Review: Hannibal (S3 E7/13), Wednesday 22nd July, Sky Living

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In some ways, Hannibal could finish here; plot-lines are resolved, old scores are settled, balance is restored, closure is achieved. But it can’t finish here; in fact, it’s hardly begun. Though this episode, Digestivo, ends with Will Graham alive and free, and Hannibal caged, that’s not the end of the relationship. It’s merely the beginning.

At the end of the last episode, Will and Jack had been captured by Hannibal, who was about to open up Will’s skull; the blood was flying when we cut to a scene of Will and Hannibal hanging upside-down in a meat wagon, the prisoners of Mason Verger. How the hell did we get there?
As we had predicted, the solution lay with the crooked Italian cop who had questioned Bedelia. She had sold Hannibal out, in time for the cops to burst onto the scene, overpower Hannibal and capture him and Will, with the intention of turning the two over to Mason Verger for the reward. Jack Crawford, they didn’t need, and were just about to kill when loyal Chiyoh put a couple of well-placed bullets into them.
Her concern was of course not for Crawford, but for the captured Hannibal; but she accepts Jack’s help in finding Mason Verger.
Verger, of course, is in his element, looking forward to feasting on Hannibal and feeding the remains to his pigs – but what plan does he have for Will? Oh, he’s going to have crazy Doctor Cordell transplant Will’s face onto the ruins of his own. Nicely perverse. No wonder Will goes a bit tonto, and takes a bite out of Cordell’s face.
But Mason hasn’t counted on Alana and Margot, one determined to save Will, the other determined to revenge herself on Mason. When Mason goads his sister by telling her he’s implanted her fertilised eggs into a surrogate, we immediately realise he’s not talking about a human – yes, the embryo’s developing in one of his prize pigs. Margot’s suitably horrified. The embryo hasn’t survived anyway, but she is still determined to retain the Verger fortune after the death of Mason, by producing her own heir using his sperm. Yucky.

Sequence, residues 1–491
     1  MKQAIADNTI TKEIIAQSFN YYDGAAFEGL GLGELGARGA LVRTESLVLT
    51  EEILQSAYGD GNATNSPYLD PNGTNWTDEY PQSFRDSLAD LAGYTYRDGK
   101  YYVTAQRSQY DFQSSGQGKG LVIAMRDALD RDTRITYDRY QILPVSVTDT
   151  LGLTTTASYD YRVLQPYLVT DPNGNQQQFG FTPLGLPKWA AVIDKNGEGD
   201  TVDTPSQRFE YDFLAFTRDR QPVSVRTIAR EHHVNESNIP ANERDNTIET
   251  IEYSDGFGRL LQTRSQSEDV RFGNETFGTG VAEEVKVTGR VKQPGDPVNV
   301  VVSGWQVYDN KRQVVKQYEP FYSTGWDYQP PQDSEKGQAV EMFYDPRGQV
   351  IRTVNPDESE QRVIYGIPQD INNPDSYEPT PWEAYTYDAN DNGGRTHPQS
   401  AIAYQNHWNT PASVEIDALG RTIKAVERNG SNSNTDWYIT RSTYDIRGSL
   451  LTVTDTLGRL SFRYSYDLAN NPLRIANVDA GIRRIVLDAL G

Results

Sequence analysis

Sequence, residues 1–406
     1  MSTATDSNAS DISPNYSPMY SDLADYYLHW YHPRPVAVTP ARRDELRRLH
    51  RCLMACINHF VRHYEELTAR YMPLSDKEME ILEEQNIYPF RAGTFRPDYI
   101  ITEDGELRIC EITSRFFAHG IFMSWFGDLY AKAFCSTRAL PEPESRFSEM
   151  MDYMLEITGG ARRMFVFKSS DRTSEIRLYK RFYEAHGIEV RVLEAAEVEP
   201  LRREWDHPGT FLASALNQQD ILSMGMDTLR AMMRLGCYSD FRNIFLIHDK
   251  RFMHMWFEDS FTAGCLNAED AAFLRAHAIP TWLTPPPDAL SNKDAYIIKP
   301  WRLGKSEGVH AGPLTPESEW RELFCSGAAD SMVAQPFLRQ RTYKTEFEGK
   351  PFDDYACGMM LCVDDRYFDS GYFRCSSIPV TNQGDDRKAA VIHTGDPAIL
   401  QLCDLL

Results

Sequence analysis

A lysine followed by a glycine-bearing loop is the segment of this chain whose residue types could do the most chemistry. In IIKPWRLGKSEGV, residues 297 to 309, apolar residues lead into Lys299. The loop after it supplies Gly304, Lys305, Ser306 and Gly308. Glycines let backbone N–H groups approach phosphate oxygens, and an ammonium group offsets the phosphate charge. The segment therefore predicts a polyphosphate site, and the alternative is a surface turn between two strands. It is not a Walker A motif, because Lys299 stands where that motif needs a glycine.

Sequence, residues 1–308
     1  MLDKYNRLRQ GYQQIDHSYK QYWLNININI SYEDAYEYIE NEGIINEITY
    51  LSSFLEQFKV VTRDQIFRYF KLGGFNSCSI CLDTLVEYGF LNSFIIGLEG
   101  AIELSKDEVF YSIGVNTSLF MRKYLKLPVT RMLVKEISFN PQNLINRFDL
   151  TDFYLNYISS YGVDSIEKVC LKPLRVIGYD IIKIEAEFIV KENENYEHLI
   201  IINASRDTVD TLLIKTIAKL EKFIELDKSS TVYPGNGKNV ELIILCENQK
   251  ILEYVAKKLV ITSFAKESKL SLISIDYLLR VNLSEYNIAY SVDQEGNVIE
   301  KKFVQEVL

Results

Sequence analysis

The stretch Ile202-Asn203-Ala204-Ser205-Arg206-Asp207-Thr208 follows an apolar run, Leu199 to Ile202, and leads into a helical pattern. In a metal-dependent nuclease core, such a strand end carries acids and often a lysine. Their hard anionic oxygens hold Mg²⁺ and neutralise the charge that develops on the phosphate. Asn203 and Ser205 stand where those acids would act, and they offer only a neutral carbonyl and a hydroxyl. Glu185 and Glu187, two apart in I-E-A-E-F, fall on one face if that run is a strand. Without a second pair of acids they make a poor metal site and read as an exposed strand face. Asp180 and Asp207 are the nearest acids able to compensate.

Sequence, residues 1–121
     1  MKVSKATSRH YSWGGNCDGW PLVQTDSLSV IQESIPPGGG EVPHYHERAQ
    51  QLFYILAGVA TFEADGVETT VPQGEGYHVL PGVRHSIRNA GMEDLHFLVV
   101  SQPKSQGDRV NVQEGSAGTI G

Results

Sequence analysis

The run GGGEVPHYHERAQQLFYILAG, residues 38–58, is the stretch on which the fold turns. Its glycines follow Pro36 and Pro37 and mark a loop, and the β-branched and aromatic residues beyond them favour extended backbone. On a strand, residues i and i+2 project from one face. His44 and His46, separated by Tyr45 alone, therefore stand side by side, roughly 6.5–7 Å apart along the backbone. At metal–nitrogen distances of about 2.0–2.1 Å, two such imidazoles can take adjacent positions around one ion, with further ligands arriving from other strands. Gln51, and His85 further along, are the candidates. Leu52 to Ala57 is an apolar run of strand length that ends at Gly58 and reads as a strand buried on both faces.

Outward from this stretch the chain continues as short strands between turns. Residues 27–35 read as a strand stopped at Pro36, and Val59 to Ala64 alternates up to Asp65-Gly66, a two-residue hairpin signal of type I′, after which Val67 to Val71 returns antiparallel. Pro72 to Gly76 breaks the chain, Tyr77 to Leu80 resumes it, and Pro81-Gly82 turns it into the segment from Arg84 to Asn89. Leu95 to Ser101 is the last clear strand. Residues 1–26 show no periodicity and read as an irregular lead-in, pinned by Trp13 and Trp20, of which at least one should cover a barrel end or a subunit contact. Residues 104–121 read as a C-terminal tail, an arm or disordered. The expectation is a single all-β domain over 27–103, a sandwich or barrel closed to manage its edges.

The scene’s set for a bloody finale in which Alana and Margot free Hannibal, who slaughters Cordell and the guards, with the help of Chiyoh; Alana and Margot finish off Mason, having harvested his sperm while he was unconscious. That image alone is enough to have you choking on your muesli, so thanks for sparing us that; in comparison we can almost tolerate the image of Mason’s death by choking on an eel, certainly not what he had in mind as his final meal.
So, Will, having survived having his skull cut open and his face sliced into, recovers in his own home, under the care of Hannibal. Why doesn’t Hannibal now want to kill Will? Perhaps because Will says he no longer intends to pursue Hannibal.  “I don’t have your appetite,” he says, although he admits that the two are “identically different”.
Hannibal and Chiyoh disappear, so when Jack and the FBI turn up too late, it looks like it’s all over; but then Hannibal turns himself in. If Will isn’t going to chase him, he’s going to stay still.
So, closure perhaps for Alana, who now accepts that she could never have understood Hannibal; for Margot, who gets to kill Mason as Hannibal advised she should; for Crawford, who gets to see Hannibal caged; and for Chiyoh, who gets Hannibal to admit that he did eat Mischa – though he didn’t kill her.  But, no closure for poor old Will, who now owes his life to Hannibal, again. When he says he doesn’t want to think of Hannibal any more, we know that’s an impossibility. Hannibal hasn’t finished with him.
Though the episode could act as a mid-season hiatus, there isn’t one; we know that we are now going to plunge into the Red Dragon story arc. How long will it take for Will to give in to his magnetic attraction to Hannibal? We reckon about twelve minutes into the next episode.
Chris Jenkins
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